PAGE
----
Kavanaugh Frequently Asked Questions on the Person and the Process
President Donald Trump on Monday nominated Judge Brett M. Kavanaugh for the Supreme Court. Here's what happens next and what you can expect.Posted — Updated
President Donald Trump on Monday nominated Judge Brett M. Kavanaugh for the Supreme Court. Here’s what happens next and what you can expect.
Brett Michael Kavanaugh, 53, is a federal appeals court judge, former aide to President George W. Bush and onetime investigator of President Bill Clinton, working under Kenneth W. Starr.
He has written countless decisions applauded by conservatives on topics including the Second Amendment, religious freedom, the environment and campaign finance.
Kavanaugh has also formed lifelong friendships with liberals, many of whom praise his intellect and civility. In his professional life, before he became a judge, he was often a moderating force.
Soon Kavanaugh will begin making “courtesy visits” in the Senate. These are private meetings — though they often begin with highly choreographed photo opportunities — that offer senators a chance to quiz the nominee on his or her judicial philosophy, past rulings and public statements. Senators also find them useful political tools.
In 2009, for instance, controversy erupted over a 2001 comment by Sonia Sotomayor, a judge at the time, in which she suggested that a wise Latina might have better judgment than a white man. Unwritten protocol dictates that nominees do not speak publicly until their confirmation hearings, so Sotomayor remained silent in the face of criticism.
But she discussed the comment with Sen. Patrick J. Leahy, D-Vt., during their courtesy visit, and took the unusual step of giving the senator permission to recount their conversation. “What she said was, of course one’s life experience shapes who you are, but ultimately and completely — and she used those words, ‘ultimately and completely’ — as a judge you follow the law,” Leahy explained.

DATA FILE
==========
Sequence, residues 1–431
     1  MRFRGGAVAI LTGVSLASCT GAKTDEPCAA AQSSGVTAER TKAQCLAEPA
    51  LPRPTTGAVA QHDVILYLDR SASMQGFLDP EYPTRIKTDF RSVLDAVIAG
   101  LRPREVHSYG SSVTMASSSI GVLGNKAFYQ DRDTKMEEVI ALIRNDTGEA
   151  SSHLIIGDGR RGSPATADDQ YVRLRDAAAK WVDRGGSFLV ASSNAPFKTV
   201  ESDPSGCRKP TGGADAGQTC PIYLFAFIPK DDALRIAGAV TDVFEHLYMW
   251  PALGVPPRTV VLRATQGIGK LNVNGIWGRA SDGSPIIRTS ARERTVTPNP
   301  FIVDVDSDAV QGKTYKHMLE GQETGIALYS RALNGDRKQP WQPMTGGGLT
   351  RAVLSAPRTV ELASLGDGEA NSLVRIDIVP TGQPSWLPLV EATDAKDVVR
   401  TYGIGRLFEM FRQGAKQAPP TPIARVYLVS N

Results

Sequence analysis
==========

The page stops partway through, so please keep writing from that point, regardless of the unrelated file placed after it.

The next year, it was Elena Kagan’s turn. Kagan, then the solicitor general, faced questions about her lack of judicial experience and her stance on the military. Democrats defended her but also used their meetings with her to show off her lighter side; Sen. Richard J. Durbin, D-Ill., reported that Kagan, who once taught law at the University of Chicago, liked Medici Pizza in Hyde Park, Chicago hot dogs and baseball games at Wrigley Field.
Kavanaugh will get expert help from a team assembled by the White House.
When Sandra Day O’Connor was nominated in 1981, for instance, her team included a 26-year-old Justice Department lawyer named John G. Roberts Jr. He provided her with draft answers to likely questions and helped quiz her at the mock hearings — sometimes called murder boards.
In a memorandum to a supervisor, Roberts described his philosophy: “The approach was to avoid giving specific responses to any direct questions on legal issues likely to come before the court, but demonstrating in the response a firm command of the subject area and awareness of the relevant precedents and arguments.”
He took his own advice when he was nominated to be chief justice in 2005. He showed an easy familiarity with constitutional doctrine in his hearing, effortlessly summoning the names and summarizing the details of old decisions without indicating how they would apply to new controversies. Durbin declared that Roberts “retired the trophy” for an outstanding performance by a judicial nominee.
Trump has relied on a cohort of influential conservative lawyers, and to a lesser extent his usual circle of friends and associates, for advice on choosing a nominee. Leonard Leo, an executive vice president of the Federalist Society, prepared a list of candidates for Supreme Court seats for Trump, and it has guided Trump’s choices. Justice Neil M. Gorsuch came with a Federalist Society seal of approval; all four of the finalists this time are drawn from Leo’s list, which has grown to 25 names.
The White House counsel, Donald F. McGahn II, is the president’s most influential in-house adviser. He, too, is a longtime member of the Federalist Society. But Trump also speaks with outsiders, such as his personal lawyer, Rudolph W. Giuliani, and Fox News host Sean Hannity. And he takes calls from influential members of Congress, most notably the Senate Republican leader, Mitch McConnell of Kentucky.
The White House will roll out an intensive campaign to sell the nominee to the Senate and the American public. The campaign could include television commercials, including some targeted at politically vulnerable Democrats running for re-election in states won by Trump in 2016. The nominee will embark on a busy schedule of courtesy calls to members of the Senate Judiciary Committee and other senators.
The White House had already sent Congress background packets on the four finalists for the seat: Kavanaugh, Thomas M. Hardiman, Raymond M. Kethledge and Amy Coney Barrett. Trump will play a prominent role in promoting the credentials of Kavanaugh, though his task will be complicated by the fact that he will be in Europe for a week after making the announcement Monday evening.
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